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Digital Neighborhood Watch: Investigating the Sharing of Sensed Data amongst Neighbors A.J. BrushJaeyeon JungRatul MahajanFrank Martinez.

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Presentation on theme: "Digital Neighborhood Watch: Investigating the Sharing of Sensed Data amongst Neighbors A.J. BrushJaeyeon JungRatul MahajanFrank Martinez."— Presentation transcript:

1 Digital Neighborhood Watch: Investigating the Sharing of Sensed Data amongst Neighbors A.J. BrushJaeyeon JungRatul MahajanFrank Martinez

2 Inspiration

3 Digital Neighborhood Watch +

4 1)Providing digital evidence of incidents 2)Increasing visibility of neighborhood activity 3)Automatically detecting and alerting for suspicious events

5 Social Feasibility? Does the perceived value of DNW outweigh the privacy and security risks of sharing camera data?

6 Related Work Highlights Technology that supports community policing should facilitate communication and discussion Lewis & Lewis, CHI 2012 Community mailing lists facilitate interaction and collective action “Netville” & Blacksburg Electronic Village Studies Value of human monitoring of CCTV to detect incidents and challenges around managing digital evidence Tullio et. al, CHI 2010

7 Social Feasibility? Does the perceived value of DNW outweigh the privacy and security risks of sharing camera data?

8 Method High-crime neighborhood In Region Interviews with 11 households: Block watch/Neighborhood association members 5 in High-crime neighborhood 6 with security systems house Share with Neighbors? Sharing Chart

9 Sharing options “Always”, “Sometimes” (by request or under specific circumstances), “Never” Low-resolution

10 Sharing options “Always”, “Sometimes” (by request or under specific circumstances), “Never”

11 Limitations Participants reactions could be speculation – Interface mock-ups, maps of their own house, showed data from existing surveillance cameras – Recruited households in neighborhood groups Relatively small numbers of households in a few neighborhoods

12 Household Sensing Systems Desired All households except one interested in cameras 4 outdoor cameras (median): Front yard, back door, side yards Audio data for gunshots, glass breaking (9 HH) Security and non-security benefits

13 Trust Not Proximity for Sharing Existence Hypothesis: People would treat households in view of cameras differently Wrong! Neighbors grouped based on trust Existence of cameras shared with trusted neighbors (9HH) 5 households renamed proximate neighbors to “trusted neighbors” in chart Concerns of perceived spying, dangerous households.

14 Reluctance to Share Field of View Divulging Field of View shows neighbors the blind spots No household would share field of view with neighborhood group Foreground only was introduced to address this concern

15 Reluctance to Share Field of View Divulging Field of View shows neighbors the blind spots No household would share field of view with neighborhood group we want to tell that we have a camera, we just don’t want to tell them where it is. And this way we could show them the guy in the yellow shirt, but they wouldn’t know [the FoV]” Foreground only was introduced to address this concern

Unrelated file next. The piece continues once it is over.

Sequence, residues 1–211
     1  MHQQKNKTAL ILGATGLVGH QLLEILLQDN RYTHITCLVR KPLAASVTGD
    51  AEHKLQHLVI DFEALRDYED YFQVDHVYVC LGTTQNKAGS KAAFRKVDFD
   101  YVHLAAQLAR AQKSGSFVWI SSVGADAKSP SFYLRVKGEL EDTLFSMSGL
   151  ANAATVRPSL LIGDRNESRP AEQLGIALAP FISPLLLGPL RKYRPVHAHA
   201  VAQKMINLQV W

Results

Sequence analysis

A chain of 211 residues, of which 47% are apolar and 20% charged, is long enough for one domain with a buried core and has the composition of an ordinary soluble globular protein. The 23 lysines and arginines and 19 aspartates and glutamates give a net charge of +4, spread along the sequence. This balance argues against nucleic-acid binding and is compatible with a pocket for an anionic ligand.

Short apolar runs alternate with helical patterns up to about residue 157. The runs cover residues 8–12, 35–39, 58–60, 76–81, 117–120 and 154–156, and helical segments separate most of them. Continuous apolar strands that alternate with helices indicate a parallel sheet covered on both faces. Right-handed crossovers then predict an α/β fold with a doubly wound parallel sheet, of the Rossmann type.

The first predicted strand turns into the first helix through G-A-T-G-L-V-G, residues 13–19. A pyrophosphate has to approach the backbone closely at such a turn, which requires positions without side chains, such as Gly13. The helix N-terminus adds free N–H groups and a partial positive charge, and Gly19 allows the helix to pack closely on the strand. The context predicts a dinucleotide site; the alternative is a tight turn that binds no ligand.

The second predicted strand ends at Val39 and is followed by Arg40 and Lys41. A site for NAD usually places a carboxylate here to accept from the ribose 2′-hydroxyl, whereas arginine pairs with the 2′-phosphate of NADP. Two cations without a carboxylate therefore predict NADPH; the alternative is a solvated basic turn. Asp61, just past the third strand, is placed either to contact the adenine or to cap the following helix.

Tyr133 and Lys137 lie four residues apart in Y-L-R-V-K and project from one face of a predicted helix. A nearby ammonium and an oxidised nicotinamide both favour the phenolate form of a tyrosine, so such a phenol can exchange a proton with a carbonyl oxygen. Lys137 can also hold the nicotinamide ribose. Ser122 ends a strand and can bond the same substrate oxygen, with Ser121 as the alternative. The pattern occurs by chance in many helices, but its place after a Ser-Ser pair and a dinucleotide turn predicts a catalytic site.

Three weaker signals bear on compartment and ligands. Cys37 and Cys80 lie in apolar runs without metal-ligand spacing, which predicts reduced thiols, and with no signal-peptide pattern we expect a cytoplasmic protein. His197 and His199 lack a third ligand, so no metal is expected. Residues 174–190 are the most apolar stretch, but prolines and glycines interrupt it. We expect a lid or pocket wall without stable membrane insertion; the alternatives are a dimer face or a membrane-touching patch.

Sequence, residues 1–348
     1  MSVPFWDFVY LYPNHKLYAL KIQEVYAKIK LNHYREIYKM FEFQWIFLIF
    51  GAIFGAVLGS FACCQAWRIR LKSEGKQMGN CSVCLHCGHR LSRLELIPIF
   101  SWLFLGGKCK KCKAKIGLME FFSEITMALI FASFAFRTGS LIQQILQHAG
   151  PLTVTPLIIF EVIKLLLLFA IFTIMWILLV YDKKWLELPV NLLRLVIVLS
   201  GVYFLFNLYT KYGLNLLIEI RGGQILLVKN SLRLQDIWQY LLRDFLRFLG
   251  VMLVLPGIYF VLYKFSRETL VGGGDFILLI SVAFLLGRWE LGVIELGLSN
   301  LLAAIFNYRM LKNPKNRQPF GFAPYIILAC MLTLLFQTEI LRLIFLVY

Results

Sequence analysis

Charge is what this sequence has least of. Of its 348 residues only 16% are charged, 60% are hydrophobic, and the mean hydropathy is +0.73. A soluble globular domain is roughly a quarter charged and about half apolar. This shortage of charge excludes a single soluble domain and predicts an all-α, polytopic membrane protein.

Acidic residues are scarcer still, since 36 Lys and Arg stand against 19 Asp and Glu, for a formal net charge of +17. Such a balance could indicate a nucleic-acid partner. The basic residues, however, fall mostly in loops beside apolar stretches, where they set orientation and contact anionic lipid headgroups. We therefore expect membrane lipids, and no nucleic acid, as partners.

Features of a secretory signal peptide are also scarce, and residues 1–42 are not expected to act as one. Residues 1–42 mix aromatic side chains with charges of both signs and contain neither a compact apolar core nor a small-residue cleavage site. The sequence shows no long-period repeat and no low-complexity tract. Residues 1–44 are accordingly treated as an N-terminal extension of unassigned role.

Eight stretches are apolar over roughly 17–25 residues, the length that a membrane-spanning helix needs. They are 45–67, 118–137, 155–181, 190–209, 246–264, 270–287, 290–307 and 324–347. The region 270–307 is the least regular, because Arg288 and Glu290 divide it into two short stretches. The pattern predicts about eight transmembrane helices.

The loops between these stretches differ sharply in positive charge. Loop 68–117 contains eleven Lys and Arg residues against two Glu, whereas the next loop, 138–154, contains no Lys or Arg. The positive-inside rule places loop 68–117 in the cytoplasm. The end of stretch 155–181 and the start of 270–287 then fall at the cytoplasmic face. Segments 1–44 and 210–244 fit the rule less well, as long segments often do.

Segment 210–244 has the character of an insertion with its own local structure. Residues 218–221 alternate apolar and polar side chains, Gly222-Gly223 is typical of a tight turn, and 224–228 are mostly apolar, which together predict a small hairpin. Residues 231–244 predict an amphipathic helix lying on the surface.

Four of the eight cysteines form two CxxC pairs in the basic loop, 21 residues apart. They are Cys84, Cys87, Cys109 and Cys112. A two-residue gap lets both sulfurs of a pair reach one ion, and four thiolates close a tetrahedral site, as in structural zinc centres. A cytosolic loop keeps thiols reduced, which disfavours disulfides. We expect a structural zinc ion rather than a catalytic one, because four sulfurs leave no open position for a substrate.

16 Digital Neighborhood Watch 1)Providing digital evidence of incidents 2)Increasing visibility of neighborhood activity 3)Automatically detecting and alerting for suspicious events

17 Share Evidence With Reason All ten households would share for evidence ! Good reason required One more comfortable with police than neighbors “if it was a murder, whether I didn’t like you or not, I’d probably still share that information” “I feel more comfortable sharing the images with the police department because they’re the ones who need to take the action.”

18 Limited Willingness to Share Access Three households while on vacation Two would trade data “Public-only” view was more acceptable to a few households – Three would always share with trusted neighbors and law enforcement

19 Cautious Interest in Suspicious Activity Detection Five households (4 high-crime) would share events on ongoing basis for pattern detection Seven share high-fidelity for specific requests (police looking for car, child) Lots of concerns about how it would actually work, false alerts…

20 Neighborhood Types vs. Acceptability of DNW Broad similarity in attitudes we found in high and low crime neighborhoods. – equally willing to share data for evidence – interest in sensing audio was present in both types Unique to high crime neighborhood: – willingness to share events with a detection service on an ongoing basis (4 of the 5 households from the high crime neighborhood were interested) – hidden cameras

21 Complex Neighborhood Trust Let neighbors build their own sub-networks Increased concern about renters

22 Implications for other neighborhood sharing systems? Other neighborhood data could be shared – water, electricity, commute patterns, … Our findings suggest avenues of exploration: – Share based on specific events rather than ongoing anonymized information – Look for abstraction that preserve appropriate levels of privacy.

23 Work in Progress Social Feasibility – Cautiously optimistic, particularly with processed views Technical Feasibility – What can be recognized from video or audio semi-reliably? – Soon running in our houses More generally, this is one possible application on

24 Thanks. A.J. BrushJaeyeon JungRatul MahajanFrank Martinez


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